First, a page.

Facebook ‘Bug’ Shows Company Plan for Flagging ‘Hate Speech’

Mark Zuckerberg Capitol Hill
Getty/Chip Somodevilla

Facebook accidentally rolled out what appeared to be a crowd-sourced “hate speech” flagging system, in which users were asked whether a post constituted hate speech or not.

Earlier today, Facebook users began reporting that questionnaires had been attached to innocuous posts, asking them if they considered the content of the posts to be “hate speech.”

It quickly became apparent that the feature had been rolled out in an unfinished state:

Facebook VP of product Guy Rosen said that the feature was a “bug” and a “test” that had been incorrectly applied to all posts, including Mark Zuckerberg’s.

The feature appears to be a method for determining what qualifies as “hate speech” based on user feedback, but it is unknown whether Facebook intends to roll this out for all users, or just a select group.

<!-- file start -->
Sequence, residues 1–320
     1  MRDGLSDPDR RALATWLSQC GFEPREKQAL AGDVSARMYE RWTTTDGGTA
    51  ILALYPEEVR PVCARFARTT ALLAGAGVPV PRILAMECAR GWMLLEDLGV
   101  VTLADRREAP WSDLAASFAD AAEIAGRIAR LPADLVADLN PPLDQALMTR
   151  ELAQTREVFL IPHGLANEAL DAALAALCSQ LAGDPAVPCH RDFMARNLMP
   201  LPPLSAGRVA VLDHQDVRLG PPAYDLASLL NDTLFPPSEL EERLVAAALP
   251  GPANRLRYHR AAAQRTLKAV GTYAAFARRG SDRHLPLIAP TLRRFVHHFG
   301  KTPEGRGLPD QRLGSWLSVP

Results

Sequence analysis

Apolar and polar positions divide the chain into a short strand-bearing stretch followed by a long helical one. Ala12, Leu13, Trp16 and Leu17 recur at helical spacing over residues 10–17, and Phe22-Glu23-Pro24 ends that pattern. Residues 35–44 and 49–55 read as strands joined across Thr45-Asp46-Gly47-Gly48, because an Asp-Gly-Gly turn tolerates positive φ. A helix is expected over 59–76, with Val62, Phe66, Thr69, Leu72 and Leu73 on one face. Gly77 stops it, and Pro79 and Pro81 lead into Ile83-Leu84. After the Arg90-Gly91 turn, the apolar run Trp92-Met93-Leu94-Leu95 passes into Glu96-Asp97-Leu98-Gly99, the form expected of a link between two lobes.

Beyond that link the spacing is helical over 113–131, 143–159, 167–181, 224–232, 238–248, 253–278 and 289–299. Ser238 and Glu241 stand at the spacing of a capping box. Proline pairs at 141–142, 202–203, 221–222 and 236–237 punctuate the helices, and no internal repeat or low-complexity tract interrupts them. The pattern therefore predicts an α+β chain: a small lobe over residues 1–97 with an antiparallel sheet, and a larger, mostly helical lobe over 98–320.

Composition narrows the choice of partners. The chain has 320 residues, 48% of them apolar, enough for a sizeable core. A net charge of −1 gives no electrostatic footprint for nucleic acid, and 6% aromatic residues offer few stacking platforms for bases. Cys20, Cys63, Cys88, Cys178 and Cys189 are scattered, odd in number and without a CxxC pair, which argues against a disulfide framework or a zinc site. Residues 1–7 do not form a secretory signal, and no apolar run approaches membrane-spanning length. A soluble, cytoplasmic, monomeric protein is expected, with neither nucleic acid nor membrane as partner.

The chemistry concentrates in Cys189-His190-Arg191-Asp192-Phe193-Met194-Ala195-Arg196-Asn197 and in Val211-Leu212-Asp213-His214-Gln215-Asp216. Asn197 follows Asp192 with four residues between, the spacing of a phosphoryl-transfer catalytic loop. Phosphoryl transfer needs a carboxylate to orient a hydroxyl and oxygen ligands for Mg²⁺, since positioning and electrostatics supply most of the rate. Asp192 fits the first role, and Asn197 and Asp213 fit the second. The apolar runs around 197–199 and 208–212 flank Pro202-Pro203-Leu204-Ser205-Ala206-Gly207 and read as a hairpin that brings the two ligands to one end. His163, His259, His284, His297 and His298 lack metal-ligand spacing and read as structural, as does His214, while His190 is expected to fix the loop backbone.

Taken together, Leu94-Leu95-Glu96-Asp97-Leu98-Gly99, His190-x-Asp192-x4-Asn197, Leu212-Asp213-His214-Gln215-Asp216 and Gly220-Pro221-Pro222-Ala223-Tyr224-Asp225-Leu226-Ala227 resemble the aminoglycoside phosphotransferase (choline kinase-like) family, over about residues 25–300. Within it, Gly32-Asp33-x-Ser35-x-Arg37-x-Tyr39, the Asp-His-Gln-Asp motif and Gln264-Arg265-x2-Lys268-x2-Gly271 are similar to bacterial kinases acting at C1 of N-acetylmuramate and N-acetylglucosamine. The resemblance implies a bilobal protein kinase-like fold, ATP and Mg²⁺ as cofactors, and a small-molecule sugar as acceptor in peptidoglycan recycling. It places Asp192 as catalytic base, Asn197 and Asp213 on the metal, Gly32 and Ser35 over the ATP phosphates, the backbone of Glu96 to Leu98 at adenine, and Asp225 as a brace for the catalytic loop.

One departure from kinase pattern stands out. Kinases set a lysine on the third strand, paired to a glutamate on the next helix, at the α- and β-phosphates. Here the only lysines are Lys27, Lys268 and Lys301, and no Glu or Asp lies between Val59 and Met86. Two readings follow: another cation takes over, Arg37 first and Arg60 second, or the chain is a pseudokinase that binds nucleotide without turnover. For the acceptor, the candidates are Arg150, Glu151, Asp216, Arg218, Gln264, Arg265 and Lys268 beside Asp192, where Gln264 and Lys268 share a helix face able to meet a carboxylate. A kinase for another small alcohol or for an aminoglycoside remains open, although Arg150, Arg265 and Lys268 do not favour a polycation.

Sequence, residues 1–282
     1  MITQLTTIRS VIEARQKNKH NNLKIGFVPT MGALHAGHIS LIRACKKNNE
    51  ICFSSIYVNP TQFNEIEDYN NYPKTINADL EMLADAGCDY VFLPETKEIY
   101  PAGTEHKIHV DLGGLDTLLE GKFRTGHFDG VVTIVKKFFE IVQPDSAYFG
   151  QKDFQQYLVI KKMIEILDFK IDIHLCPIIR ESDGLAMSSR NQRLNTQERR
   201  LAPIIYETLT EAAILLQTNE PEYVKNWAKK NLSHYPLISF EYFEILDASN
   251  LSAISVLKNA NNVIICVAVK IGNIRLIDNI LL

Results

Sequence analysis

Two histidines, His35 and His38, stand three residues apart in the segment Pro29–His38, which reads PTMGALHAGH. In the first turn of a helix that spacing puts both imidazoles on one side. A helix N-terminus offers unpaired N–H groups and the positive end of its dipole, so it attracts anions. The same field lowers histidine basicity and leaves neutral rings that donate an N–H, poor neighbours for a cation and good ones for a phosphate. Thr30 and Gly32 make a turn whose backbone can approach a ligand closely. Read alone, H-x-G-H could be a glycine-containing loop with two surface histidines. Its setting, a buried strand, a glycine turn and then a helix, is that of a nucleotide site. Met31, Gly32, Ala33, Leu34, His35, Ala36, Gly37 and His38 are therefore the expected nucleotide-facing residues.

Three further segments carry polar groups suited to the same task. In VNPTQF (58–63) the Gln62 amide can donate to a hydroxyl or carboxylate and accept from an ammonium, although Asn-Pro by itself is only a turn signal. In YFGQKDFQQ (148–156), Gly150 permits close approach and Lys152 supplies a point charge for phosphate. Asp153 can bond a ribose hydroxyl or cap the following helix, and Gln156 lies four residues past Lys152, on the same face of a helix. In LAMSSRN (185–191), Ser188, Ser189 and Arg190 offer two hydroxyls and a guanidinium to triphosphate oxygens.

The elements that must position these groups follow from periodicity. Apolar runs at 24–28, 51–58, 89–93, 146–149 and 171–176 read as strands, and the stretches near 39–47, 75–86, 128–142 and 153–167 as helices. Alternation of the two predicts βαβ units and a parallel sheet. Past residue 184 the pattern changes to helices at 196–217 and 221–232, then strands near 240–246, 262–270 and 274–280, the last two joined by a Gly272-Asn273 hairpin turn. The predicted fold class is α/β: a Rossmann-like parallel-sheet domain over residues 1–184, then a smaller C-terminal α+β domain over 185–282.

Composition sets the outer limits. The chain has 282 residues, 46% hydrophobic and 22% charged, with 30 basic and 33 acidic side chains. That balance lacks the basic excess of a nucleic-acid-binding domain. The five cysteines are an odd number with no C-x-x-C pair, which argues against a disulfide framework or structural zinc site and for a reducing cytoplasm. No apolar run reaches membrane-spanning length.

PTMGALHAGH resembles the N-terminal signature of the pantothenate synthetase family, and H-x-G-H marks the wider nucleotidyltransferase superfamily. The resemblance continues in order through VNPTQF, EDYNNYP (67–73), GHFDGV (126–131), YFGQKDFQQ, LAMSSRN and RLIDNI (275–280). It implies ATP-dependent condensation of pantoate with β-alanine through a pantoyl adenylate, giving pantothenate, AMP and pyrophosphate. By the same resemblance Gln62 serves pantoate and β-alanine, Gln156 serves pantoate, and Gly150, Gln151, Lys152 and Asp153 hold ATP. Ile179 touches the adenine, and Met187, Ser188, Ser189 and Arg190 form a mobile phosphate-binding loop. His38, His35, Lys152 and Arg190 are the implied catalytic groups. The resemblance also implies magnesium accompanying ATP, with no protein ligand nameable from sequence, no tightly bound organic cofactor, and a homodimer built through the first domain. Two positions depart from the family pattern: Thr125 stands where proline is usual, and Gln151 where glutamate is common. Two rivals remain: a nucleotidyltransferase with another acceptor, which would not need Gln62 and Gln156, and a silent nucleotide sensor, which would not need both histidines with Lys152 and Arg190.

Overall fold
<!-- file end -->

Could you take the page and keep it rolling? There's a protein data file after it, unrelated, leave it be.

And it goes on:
A user-driven approach is a radical departure from the “Facebook Supreme Court” that Mark Zuckerberg previously suggested, in which a hand-picked panel of elites would have the final say on what content is banned under the platform’s hate speech rules. Both approaches suffer from the problem of subjectivity and bias, as there is no objective definition of hate speech — as Zuckerberg himself concedes.

We do know that language which attacks the “immigration status” of a person is considered hate speech under Facebook’s rules. Republican congressman Lamar Smith has raised concerns that this will make criticism of illegal immigration impossible on the platform.

Allum Bokhari is the senior technology correspondent at Breitbart News. You can follow him on TwitterGab.ai and add him on Facebook. Email tips and suggestions to allumbokhari@protonmail.com.


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